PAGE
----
Richard Fontaine and Mira Rapp-Hooper of the Center for a New American Securityargue in The National Interest that “there is no single answer to the question of whether China intends to embrace the rules-based international order, nor is there a monolithic way to characterize the type of great power China aspires to be. … Because there is no single international order, and because Chinese participation is diverse and complex, U.S. leaders cannot simply absorb China into a preexisting structure. If American policymakers hope to increase China’s participation in the web of institutions, regimes, rules, and norms that together constitute world order, they must craft an engagement strategy that is as nimble as Beijing’s international participation itself.” They argue: in favor of a U.S. strategy that acknowledges that China’s approaches in its region and globally differ; that “there is a difference between Chinese attempts to erode existing international rules (and America’s dominant role in setting them) and a move toward wholesale replacement”; that “as China and others offer concepts for alternative institutions, the United States should not adopt knee-jerk rejectionism itself”; that “U.S.-Chinese relations are bound to be especially competitive in those domains where rules remain unwritten” such as cyberspace and space; and that Chinese approaches may change.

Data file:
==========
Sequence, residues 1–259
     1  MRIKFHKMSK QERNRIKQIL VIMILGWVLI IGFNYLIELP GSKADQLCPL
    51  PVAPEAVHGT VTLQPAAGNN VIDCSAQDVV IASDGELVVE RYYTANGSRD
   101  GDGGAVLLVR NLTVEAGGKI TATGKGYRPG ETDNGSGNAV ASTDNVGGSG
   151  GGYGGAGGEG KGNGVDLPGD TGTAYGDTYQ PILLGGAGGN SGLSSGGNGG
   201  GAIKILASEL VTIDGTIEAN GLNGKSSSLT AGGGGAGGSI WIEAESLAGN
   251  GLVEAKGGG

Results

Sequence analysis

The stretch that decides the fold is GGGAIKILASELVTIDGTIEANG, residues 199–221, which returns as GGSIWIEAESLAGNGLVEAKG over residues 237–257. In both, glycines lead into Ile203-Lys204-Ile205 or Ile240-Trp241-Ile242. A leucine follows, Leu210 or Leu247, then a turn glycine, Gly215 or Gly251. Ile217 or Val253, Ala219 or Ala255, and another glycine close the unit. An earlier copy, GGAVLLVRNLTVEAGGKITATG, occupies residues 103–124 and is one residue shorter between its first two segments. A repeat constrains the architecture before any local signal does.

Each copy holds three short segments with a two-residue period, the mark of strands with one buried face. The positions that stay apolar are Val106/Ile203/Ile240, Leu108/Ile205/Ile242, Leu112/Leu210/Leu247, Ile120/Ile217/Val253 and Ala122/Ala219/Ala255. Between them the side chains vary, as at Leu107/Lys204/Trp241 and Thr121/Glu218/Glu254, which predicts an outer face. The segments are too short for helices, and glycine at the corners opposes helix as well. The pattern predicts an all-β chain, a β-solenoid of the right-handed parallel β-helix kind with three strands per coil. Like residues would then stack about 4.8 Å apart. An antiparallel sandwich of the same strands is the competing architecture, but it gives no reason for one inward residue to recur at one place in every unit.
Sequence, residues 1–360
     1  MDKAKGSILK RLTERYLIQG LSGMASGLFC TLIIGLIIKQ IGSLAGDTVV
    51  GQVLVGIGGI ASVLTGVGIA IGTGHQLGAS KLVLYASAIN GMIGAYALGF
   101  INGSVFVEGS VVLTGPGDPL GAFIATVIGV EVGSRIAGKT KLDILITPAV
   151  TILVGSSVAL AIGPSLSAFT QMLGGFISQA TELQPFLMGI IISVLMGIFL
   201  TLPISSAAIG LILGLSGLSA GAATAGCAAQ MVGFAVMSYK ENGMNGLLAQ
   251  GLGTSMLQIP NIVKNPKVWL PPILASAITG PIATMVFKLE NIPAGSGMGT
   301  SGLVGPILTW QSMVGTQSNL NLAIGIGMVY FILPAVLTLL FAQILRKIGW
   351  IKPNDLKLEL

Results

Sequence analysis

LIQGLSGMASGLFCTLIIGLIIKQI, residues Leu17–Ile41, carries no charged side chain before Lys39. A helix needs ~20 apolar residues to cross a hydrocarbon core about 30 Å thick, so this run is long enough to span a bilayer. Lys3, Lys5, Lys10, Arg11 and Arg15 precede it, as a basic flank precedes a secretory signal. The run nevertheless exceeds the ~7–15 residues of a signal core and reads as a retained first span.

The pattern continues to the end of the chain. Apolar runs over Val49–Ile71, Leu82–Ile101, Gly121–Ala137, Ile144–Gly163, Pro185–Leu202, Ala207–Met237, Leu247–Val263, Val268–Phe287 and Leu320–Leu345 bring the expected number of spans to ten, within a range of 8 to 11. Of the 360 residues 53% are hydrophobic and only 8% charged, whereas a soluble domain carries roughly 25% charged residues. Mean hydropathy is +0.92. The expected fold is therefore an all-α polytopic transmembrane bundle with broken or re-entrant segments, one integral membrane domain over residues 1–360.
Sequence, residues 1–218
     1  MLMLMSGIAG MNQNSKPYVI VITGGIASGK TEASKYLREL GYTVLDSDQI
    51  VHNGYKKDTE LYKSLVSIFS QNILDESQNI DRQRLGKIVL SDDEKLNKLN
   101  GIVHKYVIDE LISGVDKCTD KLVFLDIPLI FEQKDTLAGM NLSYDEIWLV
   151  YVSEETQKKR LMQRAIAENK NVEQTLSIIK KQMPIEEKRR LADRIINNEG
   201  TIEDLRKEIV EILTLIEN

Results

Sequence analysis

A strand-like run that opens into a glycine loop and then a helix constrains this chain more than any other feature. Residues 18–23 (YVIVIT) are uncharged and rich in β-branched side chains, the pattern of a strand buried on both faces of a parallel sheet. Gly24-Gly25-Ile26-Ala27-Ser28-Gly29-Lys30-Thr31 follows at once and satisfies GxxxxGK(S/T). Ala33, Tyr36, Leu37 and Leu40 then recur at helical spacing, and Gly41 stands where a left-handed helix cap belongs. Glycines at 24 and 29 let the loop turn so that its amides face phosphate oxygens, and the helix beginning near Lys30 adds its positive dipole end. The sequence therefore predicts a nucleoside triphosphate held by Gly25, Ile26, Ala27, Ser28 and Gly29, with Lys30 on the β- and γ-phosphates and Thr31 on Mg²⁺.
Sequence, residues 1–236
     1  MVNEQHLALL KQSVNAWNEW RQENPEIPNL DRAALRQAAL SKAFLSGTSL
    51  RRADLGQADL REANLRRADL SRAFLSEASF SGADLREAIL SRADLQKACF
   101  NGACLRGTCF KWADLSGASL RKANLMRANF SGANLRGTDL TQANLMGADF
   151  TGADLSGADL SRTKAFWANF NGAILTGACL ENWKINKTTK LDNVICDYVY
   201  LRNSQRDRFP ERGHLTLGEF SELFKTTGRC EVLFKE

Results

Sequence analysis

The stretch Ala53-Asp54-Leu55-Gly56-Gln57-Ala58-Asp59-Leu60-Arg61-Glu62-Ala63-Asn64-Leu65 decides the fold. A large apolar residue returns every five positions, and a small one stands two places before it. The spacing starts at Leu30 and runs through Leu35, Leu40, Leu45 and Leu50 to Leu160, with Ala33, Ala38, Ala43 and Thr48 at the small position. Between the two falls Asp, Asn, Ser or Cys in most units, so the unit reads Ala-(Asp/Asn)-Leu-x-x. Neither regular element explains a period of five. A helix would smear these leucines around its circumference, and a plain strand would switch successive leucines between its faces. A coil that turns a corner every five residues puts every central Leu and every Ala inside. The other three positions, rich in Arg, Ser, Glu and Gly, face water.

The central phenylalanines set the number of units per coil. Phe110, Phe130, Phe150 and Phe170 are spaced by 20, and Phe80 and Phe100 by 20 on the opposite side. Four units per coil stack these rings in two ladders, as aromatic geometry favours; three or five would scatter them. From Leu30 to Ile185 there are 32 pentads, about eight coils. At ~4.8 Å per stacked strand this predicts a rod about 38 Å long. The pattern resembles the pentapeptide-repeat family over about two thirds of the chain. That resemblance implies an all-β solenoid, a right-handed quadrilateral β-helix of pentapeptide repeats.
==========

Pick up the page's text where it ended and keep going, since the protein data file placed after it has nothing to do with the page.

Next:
ANALYSIS: The authors reject one of the most stubborn and misguided false dichotomies—between “the” international order and China’s divergent efforts—and offer preliminary points on how to make policy given their insight. The article does not get into detailed policies or discussions of U.S. interests, but it is an excellent frame for further analysis and breaks toward reality and away from the kind of breathless commentary that boils down global politics to a U.S.–China contest over some specific issue or domain.